Lee emphasized the importance and effectiveness of direct interaction with communities. From the past door-knocking and the march in December, residents remembered the Rosa Parks Committee. “By going directly to their doors, people directly see us. That’s important,” she said.

This fact proves to Van Der Meer and others’ that their strategy is working. Van Der Meer has for years held tribute events for Dr. King and Malcolm X at Roxbury Community College and First Church in Roxbury, decidedly holding marches to get public attention instead of indoor gatherings.

“To march on the street is the only way that we can show our solidarity to the policy makers. At the same time, people directly see their power and think that they can make so many changes in our society,” said Van Der Meer. “Dr. King said ‘silence is consent.’ The government is saying ‘you must agree with us.’ But we have to say ‘No, no. We disagree with you,'”

Steve Kirschbaum, Chief Shop Steward of the 90-percent-Haitian Boston School Bus Drivers Union, said that most of his 590 members in the union have reasons to join the anti-war movement not just because of money used for the benefit the military-industry complex instead of the social programs but because they also have first-hand experience of how colonizers and capitalists have for centuries exploited the people from Caribbean and other regions, both in and out of the U.S.

Kirschbaum mentioned the U.S. governmental support for Haitian anti-communist dictator François “Papa Doc” Duvalier during the Cold War, and the modern-day U.S. corporative exploitation of local economies and labor in Haiti and the Caribbean in general. “Haitians and other immigrants need to know that it is the same political force which we all are fighting against,” Kirschbaum said.

Dorotea Manuela, a Puerto-Rican-native and community activist, said she saw so much negative impact of the century-long U.S. occupation of the island since 1898.

A strong injection of U.S. investment didn’t bring economic prosperity and democracy that they claimed they would. Puerto Ricans earn only a third of per capita income of the U.S. average and remain suffering from a high unemployment rate of 12 percent in 2002. Politically, islanders aren’t granted the right to vote in the U.S. elections for the president or given representation in congress, but they are given American citizenship allowing them to be inlisted in the military. As of March 8, 22 Puerto Ricans have been killed in Iraq, representing more than per capita casualties in the war in Iraq, according to iCasualties.com. The actual number of Puerto Rican deaths in Iraq is believed to be higher, if it included those who moved and lived in the U.S. mainland at their dispatch.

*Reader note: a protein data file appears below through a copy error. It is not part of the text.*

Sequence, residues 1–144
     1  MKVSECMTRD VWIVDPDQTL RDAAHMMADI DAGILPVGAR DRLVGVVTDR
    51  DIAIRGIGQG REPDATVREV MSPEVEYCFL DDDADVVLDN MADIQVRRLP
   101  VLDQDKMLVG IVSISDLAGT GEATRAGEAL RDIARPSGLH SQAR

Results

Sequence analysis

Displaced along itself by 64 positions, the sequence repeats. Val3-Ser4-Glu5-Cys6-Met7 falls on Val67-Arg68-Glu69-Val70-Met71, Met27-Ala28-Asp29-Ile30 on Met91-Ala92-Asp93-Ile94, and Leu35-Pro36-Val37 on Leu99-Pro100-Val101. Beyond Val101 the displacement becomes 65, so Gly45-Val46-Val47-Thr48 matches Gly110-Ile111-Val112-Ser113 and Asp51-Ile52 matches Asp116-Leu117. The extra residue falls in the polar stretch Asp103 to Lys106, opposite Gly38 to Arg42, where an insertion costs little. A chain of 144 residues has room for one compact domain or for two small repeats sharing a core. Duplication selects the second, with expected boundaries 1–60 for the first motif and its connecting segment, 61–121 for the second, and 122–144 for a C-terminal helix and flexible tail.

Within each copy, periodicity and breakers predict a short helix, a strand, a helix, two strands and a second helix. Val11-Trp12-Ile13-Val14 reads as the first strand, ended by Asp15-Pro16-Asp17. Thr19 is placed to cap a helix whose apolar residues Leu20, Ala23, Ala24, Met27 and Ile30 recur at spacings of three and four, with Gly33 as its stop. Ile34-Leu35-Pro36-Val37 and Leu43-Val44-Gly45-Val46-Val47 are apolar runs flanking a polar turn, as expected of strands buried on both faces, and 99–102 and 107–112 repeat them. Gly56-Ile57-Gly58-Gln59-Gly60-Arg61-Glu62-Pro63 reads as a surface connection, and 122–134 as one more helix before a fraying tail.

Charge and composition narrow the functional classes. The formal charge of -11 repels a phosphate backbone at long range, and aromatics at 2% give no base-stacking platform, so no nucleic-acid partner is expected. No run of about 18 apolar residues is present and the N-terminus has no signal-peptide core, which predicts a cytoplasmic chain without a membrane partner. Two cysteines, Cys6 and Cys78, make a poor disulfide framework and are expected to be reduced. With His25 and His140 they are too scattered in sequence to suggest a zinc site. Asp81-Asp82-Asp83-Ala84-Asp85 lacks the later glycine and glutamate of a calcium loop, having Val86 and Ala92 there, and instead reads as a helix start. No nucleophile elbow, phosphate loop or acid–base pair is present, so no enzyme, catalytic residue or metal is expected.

“So, how much of this ‘democracy,’ which the Bush administration is trying to spread, has benefited us?” Manuela asks. “Once people stood up, they elected socially progressive governments in Venezuela, Brazil, Bolivia, and Palestine. So, I still believe that we can create a lot of social changes by ourselves.”

Kirschbaum said the future of American youths are also in danger because of the war. His 17-year-old daughter began to receive mail filled with seductive statements such as free education and “fight for freedom” more often than once a week. Kirschbaum and many other critiques of the No Child Left Behind Act of 2001 points out that the biggest purpose of the 670-page law is a provision which requires public secondary schools to provide military recruiters with names, addresses and phone numbers for every student, or face with a deduction of financial aids.

“Arrogantly, recruiters go into the educational institutions to pick up students in economic necessity to go to the war,” he said.

Prof. Van Der Meer said that the Rosa Parks Committee and his quest for justice will continue as long as the issues of war, military spending, racism, and money for education and healthcare persist.

But advertisement, printing flyers, and stickers and any other miscellaneous things cost so much money that the committee is in debt. Van Der Meer asks for donation for the committee, “Just a quarter out of a dollar gives people power to fight against this violence at home and abroad,” he said.

For further information about the future events and donation, visit www.brphrd.com, email at [email protected] or call 617-524-3507.